In the original piece, Tim also points out how software patents (contrary to the claims of some defenders of the system) unfairly tilt the balance of power to big companies -- the ones who can stockpile tons of patents to use as a weapon against infringement suits. It's the small companies who are left exposed.
It is worth repeating over and over again that experience suggests small companies are mostly victimised by the patent system. IBM's considerable role in OIN and the Linux Foundation is proof of this because IBM wants software patents and it wants to use them to increase its dominance/control in the area. According to this new exchange of ideas, IBM is partly behind the Linux Foundation's patent policy.
---------- Forwarded message ----------
From: Manny W Schecter <email@example.com>
Date: Thu, Sep 3, 2009 at 12:12 AM
Subject: Re: [priorart-discuss] No more software-patents in the us?
To: OSS and USPTO prior art discussions
Not exactly. You are citing interim guidelines from the USPTO which
are not binding law by their own admission. The USPTO has invited
public comment on the guidelines, and there will be plenty I'm sure.
The Bilski decision pending before the Supreme Court is what you
should be watching. A decision is expected 1H10.
Jan Kechel <firstname.lastname@example.org>
To: OSS and USPTO prior art discussions <email@example.com>
Date: 09/02/2009 06:09 PM
Subject: [priorart-discuss] No more software-patents in the us?
Sent by: firstname.lastname@example.org
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I just found a nice article about changes in the USPTO, seems that there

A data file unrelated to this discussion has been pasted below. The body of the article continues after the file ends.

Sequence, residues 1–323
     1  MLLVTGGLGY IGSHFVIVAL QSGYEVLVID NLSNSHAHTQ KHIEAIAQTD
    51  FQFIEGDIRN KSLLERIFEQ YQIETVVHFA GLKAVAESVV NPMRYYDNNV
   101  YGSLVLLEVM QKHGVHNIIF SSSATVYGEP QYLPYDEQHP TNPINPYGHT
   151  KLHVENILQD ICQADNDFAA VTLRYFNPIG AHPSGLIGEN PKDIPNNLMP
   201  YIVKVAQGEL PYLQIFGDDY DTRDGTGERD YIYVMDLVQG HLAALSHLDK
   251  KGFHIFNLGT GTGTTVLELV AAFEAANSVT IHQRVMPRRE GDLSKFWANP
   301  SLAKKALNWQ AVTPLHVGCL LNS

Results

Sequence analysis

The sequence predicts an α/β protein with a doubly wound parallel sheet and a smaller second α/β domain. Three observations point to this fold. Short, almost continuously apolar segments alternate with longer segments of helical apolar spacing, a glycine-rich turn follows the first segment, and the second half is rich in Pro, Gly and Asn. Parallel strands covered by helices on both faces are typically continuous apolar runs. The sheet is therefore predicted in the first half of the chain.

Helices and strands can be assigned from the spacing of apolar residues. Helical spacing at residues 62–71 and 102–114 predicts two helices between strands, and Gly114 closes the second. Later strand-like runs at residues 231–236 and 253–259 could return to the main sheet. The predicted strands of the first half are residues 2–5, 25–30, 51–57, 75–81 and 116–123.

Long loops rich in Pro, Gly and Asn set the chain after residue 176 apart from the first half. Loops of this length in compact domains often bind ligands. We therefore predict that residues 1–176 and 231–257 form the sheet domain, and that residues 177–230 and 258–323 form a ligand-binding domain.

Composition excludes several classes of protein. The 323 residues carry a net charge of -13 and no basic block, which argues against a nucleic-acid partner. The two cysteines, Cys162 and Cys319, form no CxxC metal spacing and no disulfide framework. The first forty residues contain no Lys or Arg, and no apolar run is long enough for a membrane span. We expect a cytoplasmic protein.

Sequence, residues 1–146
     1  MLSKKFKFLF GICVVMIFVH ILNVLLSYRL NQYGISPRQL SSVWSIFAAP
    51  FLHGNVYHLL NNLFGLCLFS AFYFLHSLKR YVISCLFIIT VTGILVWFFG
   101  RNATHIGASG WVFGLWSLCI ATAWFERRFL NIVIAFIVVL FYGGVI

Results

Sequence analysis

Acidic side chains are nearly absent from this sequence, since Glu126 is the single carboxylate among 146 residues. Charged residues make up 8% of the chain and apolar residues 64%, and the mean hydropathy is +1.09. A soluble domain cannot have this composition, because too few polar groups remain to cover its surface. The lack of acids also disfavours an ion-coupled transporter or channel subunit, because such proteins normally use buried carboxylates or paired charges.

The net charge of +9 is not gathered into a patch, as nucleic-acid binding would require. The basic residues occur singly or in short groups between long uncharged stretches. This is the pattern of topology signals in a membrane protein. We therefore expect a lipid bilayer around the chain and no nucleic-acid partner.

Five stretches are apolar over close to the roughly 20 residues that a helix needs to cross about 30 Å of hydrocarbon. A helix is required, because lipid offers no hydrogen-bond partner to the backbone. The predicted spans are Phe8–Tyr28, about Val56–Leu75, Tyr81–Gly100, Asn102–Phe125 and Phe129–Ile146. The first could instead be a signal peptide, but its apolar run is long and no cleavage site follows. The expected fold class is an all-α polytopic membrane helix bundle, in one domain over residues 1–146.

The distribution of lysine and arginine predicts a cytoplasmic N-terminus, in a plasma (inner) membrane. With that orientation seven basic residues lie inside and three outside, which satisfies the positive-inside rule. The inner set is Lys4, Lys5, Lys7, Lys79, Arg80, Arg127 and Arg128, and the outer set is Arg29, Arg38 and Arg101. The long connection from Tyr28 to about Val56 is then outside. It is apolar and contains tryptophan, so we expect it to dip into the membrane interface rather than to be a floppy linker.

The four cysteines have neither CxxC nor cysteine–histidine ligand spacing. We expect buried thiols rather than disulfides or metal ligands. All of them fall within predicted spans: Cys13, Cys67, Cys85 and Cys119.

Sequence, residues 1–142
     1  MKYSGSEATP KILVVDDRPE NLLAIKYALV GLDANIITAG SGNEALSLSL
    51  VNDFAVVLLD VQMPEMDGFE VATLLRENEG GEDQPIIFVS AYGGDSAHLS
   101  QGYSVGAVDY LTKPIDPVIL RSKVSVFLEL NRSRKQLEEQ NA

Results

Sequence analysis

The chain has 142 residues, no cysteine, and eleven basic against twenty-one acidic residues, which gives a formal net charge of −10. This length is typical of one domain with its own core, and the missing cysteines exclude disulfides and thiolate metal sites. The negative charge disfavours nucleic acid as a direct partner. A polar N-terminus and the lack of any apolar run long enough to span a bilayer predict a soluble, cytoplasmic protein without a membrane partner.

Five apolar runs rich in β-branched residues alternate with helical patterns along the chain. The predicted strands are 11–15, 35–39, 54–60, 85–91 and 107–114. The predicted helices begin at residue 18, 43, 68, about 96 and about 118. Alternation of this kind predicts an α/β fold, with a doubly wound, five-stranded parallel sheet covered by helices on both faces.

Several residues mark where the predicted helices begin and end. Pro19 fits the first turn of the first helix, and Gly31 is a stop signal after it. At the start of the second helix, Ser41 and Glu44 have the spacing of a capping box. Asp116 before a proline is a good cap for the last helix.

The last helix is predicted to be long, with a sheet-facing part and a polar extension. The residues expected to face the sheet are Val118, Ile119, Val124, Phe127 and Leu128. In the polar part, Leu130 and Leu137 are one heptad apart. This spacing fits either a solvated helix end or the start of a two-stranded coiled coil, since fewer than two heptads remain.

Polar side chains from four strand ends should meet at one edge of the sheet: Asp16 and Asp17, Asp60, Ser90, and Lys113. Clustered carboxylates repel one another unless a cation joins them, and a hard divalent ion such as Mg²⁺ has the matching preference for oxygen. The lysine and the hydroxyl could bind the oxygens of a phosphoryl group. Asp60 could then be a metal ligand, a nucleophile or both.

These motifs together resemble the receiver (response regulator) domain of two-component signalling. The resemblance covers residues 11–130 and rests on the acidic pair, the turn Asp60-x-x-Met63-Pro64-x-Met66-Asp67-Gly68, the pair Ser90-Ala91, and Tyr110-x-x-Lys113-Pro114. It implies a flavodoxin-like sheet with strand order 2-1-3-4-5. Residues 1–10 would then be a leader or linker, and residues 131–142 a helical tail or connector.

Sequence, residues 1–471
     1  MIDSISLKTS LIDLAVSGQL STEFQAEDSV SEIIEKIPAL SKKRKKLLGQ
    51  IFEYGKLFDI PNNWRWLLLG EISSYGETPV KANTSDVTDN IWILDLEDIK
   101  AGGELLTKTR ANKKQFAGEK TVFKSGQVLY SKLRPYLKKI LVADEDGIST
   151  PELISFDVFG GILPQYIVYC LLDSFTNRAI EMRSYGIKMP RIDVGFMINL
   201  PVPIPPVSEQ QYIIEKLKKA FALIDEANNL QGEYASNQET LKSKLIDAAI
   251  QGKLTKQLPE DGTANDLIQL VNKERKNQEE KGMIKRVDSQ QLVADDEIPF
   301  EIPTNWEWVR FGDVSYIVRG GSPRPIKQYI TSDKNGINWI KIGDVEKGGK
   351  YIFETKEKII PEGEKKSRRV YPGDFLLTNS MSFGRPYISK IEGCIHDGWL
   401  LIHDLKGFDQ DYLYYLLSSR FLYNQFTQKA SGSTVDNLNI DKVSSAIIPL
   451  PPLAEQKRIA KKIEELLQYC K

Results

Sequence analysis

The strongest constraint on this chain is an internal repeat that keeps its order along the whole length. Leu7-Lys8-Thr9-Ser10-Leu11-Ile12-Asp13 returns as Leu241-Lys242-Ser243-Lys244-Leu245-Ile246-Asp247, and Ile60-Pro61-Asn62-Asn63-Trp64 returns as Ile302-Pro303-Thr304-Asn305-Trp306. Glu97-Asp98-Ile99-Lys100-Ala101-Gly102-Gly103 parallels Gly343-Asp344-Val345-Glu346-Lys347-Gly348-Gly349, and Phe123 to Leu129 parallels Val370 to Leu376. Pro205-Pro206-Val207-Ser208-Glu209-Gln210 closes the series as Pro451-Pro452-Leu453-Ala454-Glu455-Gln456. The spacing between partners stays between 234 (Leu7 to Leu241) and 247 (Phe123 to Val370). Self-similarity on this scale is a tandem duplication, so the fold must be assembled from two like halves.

are no more software patents until some other court stuff will be finished:
(see page 15)
My source (german:)
claims that this is based on the following decision:
What do you people think about that?
publictimestamp.org/ptb/PTB-7047 ripemd128 2009-09-02 21:00:05
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Version: GnuPG v1.4.9 (GNU/Linux)
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The above shows the involvement of IBM staff. As we have shown before, IBM is part of this problem because it lies when arguing that software patents have been beneficial to Free software [1, 2]. They take away basic rights and then "donate" or sell them back to us. A lot of people are being fooled, but they don't have to. █
"According to Software Magazine, last year we were the 92nd largest software company in the US. My perspective on software patents is simple: stop issuing software patents. Software patents should not exist." —Jerry Fiddler, Wind River Systems